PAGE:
I was just on a Photography Talk forum where a professional wedding photographer was lamenting about how a “rookie” had undercut him on a job and that when it was all said and done the bride called him back to inform him that “All photographers were a rip off and that all they want to do is show up and collect a check.” Obviously she had received sub-par images. In fact she had received only 66 images on a dvd without any retouching. On the forum there was a series of individuals who said “She got what she paid for.” And I whole heartedly agree. But I do think that the pro she contacted should have taken the time to explain to her why he was more expensive and how that it was about value and cost.
I agree with a large portion of what this photographer was complaining about. Not the bridezilla that called him back. But what he said about “rookies” killing the profession. But I wouldn’t call them rookies. Because anyone who is now a seasoned pro was a rookie at some point in time. What I would call them are “Part-timers”. These are people who have a 9 to 5 job and earn extra cash on the weekends doing weddings and events of that nature. These are people the professionals should be taking the angst out on. Just because you own an expensive dslr and some good lenses doesn’t mean you are a professional. (Professional, as defined by the tax code means that more than 60% of your income is derived from the endeavor.) If you don’t want the ire of the professionals directed towards you you should be talking with a few of them in your area and charging what the service is worth. Even if this is just for the capturing of the images.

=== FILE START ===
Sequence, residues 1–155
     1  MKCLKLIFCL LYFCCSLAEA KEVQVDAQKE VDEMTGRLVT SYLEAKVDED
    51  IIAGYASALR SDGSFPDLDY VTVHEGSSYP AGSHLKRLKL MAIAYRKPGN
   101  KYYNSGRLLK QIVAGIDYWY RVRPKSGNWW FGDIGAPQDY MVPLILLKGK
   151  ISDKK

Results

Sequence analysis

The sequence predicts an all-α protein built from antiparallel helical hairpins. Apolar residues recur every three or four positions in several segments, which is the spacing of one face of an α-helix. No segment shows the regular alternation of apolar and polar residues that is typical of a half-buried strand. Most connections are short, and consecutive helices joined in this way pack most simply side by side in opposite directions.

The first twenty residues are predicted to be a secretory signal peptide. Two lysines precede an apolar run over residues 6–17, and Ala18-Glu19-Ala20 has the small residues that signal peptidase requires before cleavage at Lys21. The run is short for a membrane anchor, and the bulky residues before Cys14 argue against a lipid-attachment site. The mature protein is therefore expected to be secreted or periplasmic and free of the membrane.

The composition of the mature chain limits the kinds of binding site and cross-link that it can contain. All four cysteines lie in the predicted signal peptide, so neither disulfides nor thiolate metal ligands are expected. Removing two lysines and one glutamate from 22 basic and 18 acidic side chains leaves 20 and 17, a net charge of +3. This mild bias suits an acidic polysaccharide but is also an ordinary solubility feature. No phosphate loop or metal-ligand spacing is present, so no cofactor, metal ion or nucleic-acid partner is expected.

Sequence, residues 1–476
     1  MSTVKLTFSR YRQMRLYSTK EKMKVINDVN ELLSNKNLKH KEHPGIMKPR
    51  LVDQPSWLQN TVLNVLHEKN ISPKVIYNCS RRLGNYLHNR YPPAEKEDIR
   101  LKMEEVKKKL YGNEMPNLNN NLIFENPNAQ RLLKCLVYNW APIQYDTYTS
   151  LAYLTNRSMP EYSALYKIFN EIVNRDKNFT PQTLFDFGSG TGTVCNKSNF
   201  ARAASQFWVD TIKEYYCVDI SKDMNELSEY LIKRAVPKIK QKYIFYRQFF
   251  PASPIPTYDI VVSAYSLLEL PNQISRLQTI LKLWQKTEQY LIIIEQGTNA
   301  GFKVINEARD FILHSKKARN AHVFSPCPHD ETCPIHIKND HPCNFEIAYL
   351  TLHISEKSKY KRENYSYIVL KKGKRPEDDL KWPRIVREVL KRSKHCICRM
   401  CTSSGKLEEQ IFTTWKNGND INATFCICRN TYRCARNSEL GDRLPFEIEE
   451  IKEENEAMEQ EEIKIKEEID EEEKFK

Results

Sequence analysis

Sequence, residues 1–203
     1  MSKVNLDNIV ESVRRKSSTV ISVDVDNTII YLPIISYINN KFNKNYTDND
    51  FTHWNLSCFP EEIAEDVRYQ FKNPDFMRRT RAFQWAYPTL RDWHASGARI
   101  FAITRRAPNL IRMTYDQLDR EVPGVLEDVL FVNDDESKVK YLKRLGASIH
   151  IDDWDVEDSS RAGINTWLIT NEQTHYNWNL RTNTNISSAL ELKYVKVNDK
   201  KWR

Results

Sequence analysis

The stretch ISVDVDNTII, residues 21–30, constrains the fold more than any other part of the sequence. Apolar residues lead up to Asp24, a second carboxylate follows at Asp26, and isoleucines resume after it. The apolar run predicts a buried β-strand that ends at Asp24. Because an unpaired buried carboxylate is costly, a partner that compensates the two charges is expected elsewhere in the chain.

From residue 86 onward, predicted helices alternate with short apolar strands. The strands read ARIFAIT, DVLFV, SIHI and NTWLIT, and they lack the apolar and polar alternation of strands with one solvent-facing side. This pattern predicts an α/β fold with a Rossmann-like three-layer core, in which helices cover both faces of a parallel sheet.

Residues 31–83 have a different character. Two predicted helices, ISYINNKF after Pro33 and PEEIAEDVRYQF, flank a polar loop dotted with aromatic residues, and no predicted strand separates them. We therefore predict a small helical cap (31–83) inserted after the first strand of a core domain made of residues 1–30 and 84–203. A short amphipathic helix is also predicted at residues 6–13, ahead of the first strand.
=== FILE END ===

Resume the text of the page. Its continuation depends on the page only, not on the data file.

This brings me to another point about the current state of photography as an industry. With the advent of digital imaging there has become this misconception amongst the masses that quality photography is “easy” because it is digital. WRONG! WRONG! WRONG! Here again we talk about perception. All the client sees is the photographer coming in and capturing the images. What they don’t see is the hours of education to capture that image correctly AND the hours of post-production needed finish the images that are the final presentation. In the world of commercial photography they don’t see the hours of coordinating for the shoot. Including wrangling models, stylists, make-up artists, hair stylists, props, getting the proper permits for locations. Not to mention making sure that they have all of the photographic gear working and ready to go. Oh and let’s not forget about the hours spent working on the concept to help the client’s vision to fruition.
The art of photography has not changed in this transition from film to digital. The only thing it has done is allowed the masses to take better snapshots. And as I have heard another photographer tell a client who was complaining about cost of photography; ” Snapshots are what you take. I take photographs.”